Although developing countries aspire to reduce the digital divide separating them from industrialized countries, they do not intend to sacrifice their linguistic and cultural specificities. Software companies such as Microsoft, will not develop specific versions of their software for other languages or uses if they do not foresee profitable commercial opportunities.

This is not the case with free software, where the effort of a small team composed of volunteers and/or contractors can produce localized versions of software. For example, the Mozilla Internet browser can now be used with an interface translated into Luganda, the national language of Uganda. This translation was done in less than a year by a team of 8 people, including 4 translators, and without funding. In fact there was no formal organization for the project, only motivated users [5].

3- Hand-holding rather than training

As underlined very recently by the Ivory Coast Association for GNU/Linux and Free Software [6], ‘to learn, one must understand’.

Indeed, it is difficult to imagine how computer science students in developing countries could master techniques which are mostly kept hidden from them.

Even more baffling is how a company whose very business model depends largely on prohibiting the study and use of its technical processes can legitimately claim a vacation to educate.

Far from this stunted mentality, the philosophy of free software is based on mutualisation of knowledge. It is in perfect harmony with the traditional culture of sharing found in many developing countries, especially African ones.

The old saying goes: ‘Give a man a fish and it’ll eat for a day. Teach a man to fish and he’ll eat for life’

In the computer era, giving a proprietary software to a man turns him into a captive consumer of technology; providing him with the possibility to adopt free software techniques turns him into a producer.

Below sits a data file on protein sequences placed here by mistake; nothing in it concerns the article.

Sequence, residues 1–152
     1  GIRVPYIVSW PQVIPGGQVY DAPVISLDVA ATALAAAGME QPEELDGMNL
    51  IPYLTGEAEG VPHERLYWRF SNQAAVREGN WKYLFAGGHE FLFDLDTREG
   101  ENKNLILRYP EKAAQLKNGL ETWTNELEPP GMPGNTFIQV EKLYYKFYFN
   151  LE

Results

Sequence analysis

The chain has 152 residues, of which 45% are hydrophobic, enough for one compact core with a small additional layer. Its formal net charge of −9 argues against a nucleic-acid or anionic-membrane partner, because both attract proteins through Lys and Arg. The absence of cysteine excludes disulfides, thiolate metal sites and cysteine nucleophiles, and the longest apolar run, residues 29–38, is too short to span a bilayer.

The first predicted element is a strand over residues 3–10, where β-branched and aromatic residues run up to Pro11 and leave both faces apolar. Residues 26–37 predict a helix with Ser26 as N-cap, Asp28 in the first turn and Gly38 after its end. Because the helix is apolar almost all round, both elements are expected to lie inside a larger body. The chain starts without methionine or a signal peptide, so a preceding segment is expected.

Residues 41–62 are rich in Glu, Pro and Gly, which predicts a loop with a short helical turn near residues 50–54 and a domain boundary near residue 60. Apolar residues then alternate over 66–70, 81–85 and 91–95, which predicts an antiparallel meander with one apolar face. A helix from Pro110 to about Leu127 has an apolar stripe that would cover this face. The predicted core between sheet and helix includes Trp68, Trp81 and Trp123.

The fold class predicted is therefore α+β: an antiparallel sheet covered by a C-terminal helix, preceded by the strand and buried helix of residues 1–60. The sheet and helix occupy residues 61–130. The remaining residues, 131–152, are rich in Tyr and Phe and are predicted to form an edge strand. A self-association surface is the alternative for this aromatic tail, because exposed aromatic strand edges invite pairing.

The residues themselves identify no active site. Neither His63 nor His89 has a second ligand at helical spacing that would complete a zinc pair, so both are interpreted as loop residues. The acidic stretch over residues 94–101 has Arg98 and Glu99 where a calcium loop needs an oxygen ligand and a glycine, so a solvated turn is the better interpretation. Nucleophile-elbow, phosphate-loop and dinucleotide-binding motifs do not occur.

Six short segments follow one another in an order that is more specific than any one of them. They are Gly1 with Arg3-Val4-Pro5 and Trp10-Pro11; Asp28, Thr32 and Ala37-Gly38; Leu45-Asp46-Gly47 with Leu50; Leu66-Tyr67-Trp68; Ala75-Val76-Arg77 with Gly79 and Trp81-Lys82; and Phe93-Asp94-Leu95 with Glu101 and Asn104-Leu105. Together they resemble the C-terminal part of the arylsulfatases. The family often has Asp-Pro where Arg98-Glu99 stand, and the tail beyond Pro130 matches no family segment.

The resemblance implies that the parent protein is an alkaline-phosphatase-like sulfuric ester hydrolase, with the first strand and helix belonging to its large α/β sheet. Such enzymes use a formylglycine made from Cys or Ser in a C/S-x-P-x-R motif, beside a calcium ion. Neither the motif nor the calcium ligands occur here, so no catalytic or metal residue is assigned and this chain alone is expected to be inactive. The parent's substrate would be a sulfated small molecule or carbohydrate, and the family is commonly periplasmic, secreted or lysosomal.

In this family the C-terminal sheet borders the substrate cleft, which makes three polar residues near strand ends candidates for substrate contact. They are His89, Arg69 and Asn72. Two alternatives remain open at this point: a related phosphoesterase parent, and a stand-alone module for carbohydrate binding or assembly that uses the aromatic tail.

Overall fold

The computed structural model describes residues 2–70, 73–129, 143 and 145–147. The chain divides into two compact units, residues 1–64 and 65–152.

4- Supervised economic development

By choosing proprietary software, a nation merely leases technology. The monetary cost being renewed license fees and paying upgrades.

In the case of free software, software development will take place locally and the fees previously leaving the country will remain in the GDP.

In the information society, enterpreneurial opportunities depend primarily on unhindered access to the software on which this society is based. A company that would depend on a quasi-monopolistic supplier forbidding any adaptation of its software loses any hope of levelling the playing field enough to compete in the worldwide market.

Developing an industry based on free software places all companies on the same level as the largest international corporations.

In the information society, only a country mastering its software tools may hope to control its own development. If it does not, it becomes a colonialized victim with regard first to economical and cultural issues, and then to political ones. To illustrate this reality, one need only observe the intense anti free software lobbying efforts undertaken by the USA at the WSIS. [7]

5- The threat to political independence and secure communications

Political leaders expect their communication systems to be not only effective but also secure. They will not accept that communications on their deliberations and upcoming decisions be vulnerable to third party spying or influence, from either a foreign government or private interests.

Microsoft products can in no way provide this guarantee by the very fact that their source code is deemed confidential and kept hidden.